Saturday, January 22, 2011

Lift Up Your Eyes

I recently learned that a long-time family friend, Pastor Clyde Nichols, is working on a new book of daily Christian devotions.  The name of the book is "Lift Up Your Eyes".  Pastor Nichols is Minister Emeritus of First Christian Church, Temple, Texas, where he served as senior minister for 23 years from 1963 to 1986.  He is a graduate of Texas Christian University and Brite Divinity School.  He severed as an associate pastor at LaPorte (TX) Community Church during the 1990s.  My husband and I came to know Pastor Nichols very well during those years.  On November 21, 1991, Pastor Nichols performed the marriage ceremony for Dean and I.  On October 16, 1992, Pastor Nichols was by my side when I was rushed into emergency surgery after I was seriously injured by a drunk driver.  In 1993, Dean and I were baptized by Pastor Nichols at LaPorte Community Church. He was everything you could ask for in a pastor...he was with us during joy and sorrow.
Pastor Nichols' Christian devotions have been published in local newspapers for many years.  I am delighted to learn that his wisdom and inspiration will now be published in a book.  Here is a sample of the material that will be in the book.


Thomas A. Dorsey, often called the Father of Gospel Music, was born in Villa Rica, Georgia in 1899. His father was a Baptist minister, and his mother played the organ and piano wherever her husband preached.
Thomas quit school early and was soon hanging around theaters and dance halls. Musicians there encouraged him to practice at home on his mother’s piano. He did, and by the age of 12 was earning money playing at parties and private get-togethers.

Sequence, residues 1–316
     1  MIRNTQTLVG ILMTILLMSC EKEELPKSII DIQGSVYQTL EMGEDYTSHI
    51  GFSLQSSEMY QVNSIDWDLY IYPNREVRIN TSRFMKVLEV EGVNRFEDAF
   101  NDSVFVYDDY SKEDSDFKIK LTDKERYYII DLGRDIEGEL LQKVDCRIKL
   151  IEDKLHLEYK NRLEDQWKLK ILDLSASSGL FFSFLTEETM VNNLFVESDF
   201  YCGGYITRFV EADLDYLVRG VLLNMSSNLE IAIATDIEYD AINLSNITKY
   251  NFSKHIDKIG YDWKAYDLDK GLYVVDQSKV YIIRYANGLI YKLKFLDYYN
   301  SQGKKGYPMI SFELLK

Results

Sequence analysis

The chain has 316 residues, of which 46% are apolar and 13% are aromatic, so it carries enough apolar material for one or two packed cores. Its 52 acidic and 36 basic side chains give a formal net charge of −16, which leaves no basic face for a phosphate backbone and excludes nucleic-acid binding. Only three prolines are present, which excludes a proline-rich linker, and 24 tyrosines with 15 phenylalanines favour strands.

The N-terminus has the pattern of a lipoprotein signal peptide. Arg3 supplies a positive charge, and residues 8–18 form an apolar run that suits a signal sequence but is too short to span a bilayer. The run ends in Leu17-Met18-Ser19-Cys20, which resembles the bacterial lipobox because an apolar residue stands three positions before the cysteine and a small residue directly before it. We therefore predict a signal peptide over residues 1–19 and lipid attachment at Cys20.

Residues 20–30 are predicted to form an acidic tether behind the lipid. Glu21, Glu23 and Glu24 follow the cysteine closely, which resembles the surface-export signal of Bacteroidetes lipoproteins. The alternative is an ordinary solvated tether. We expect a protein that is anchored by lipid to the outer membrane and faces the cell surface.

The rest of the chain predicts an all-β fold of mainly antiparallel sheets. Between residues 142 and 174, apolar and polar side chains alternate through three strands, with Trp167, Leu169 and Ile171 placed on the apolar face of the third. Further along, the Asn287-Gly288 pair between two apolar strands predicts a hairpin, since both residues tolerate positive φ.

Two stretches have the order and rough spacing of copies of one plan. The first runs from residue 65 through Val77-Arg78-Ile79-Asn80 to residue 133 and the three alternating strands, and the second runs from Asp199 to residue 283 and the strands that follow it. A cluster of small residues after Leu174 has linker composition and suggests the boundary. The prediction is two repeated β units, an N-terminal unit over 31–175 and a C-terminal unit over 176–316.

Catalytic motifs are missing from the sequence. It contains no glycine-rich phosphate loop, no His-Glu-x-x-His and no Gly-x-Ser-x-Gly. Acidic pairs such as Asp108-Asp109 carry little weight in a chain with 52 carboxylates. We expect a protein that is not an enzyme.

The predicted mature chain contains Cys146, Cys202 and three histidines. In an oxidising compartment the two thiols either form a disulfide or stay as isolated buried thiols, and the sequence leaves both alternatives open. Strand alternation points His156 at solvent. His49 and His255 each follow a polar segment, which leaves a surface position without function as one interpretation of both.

He moved to Chicago, and in 1920 was married to Nettie Harper, but the demanding schedule of playing at night, working at other jobs during the day and studying in between, led to a nervous breakdown. He was unable to work for two years. In order to survive, Nettie took a job in a laundry to support them.
His uncle encouraged him to attend the National Baptist Convention. There he was impressed by the singing of W. M. Nix. He soon began composing sacred songs and was hired music director at Chicago’s Pilgrim Baptist Church, a position he held for nearly 40 years.
In 1932 they were living on Chicago’s South Side, and he and Nettie were expecting their first child. Thomas was scheduled to be the featured soloist for a revival in St. Louis. The second night, as he finished his solo, a Western Union messenger brought the news that Nettie had died along with their new born son.
He managed to get through the funeral service, but when it was over, he withdrew from his family, his friends, and even his beloved music. In despair, he sat one evening at the piano idly running over the keys when suddenly he felt at peace and found himself playing a melody he had not heard or played before. The words for it came into his head—just seemed to fall in place. What has been called “the greatest gospel song of all time” was born. People around the world know it, sing it, and love it because of its profound message of hope and faith.


Precious Lord, take my hand,
Lead me on, help me stand,
I am tired, I am weak, I am worn.
Through the storm, through the night,
Lead me on to the light,
Take my hand, precious Lord,
Lead me home.

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